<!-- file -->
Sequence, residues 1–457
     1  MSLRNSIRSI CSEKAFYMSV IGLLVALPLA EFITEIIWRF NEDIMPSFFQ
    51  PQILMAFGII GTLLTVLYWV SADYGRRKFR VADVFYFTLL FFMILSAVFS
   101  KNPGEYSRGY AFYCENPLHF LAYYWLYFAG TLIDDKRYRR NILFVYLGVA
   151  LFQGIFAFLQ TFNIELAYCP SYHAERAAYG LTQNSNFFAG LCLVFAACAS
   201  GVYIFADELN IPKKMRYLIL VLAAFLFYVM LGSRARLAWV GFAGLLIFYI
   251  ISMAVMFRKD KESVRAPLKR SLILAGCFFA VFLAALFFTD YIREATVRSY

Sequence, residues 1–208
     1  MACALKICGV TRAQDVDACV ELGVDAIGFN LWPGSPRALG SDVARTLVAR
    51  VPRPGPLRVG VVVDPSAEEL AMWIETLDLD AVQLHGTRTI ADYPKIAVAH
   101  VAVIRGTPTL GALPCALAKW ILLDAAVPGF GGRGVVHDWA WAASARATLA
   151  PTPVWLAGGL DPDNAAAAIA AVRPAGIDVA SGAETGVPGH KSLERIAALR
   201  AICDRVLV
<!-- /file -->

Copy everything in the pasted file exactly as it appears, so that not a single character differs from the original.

Sequence, residues 1–457
     1  MSLRNSIRSI CSEKAFYMSV IGLLVALPLA EFITEIIWRF NEDIMPSFFQ
    51  PQILMAFGII GTLLTVLYWV SADYGRRKFR VADVFYFTLL FFMILSAVFS
   101  KNPGEYSRGY AFYCENPLHF LAYYWLYFAG TLIDDKRYRR NILFVYLGVA
   151  LFQGIFAFLQ TFNIELAYCP SYHAERAAYG LTQNSNFFAG LCLVFAACAS
   201  GVYIFADELN IPKKMRYLIL VLAAFLFYVM LGSRARLAWV GFAGLLIFYI
   251  ISMAVMFRKD KESVRAPLKR SLILAGCFFA VFLAALFFTD YIREATVRSY

Sequence, residues 1–208
     1  MACALKICGV TRAQDVDACV ELGVDAIGFN LWPGSPRALG SDVARTLVAR
    51  VPRPGPLRVG VVVDPSAEEL AMWIETLDLD AVQLHGTRTI ADYPKIAVAH
   101  VAVIRGTPTL GALPCALAKW ILLDAAVPGF GGRGVVHDWA WAASARATLA
   151  PTPVWLAGGL DPDNAAAAIA AVRPAGIDVA SGAETGVPGH KSLERIAALR
   201  AICDRVLV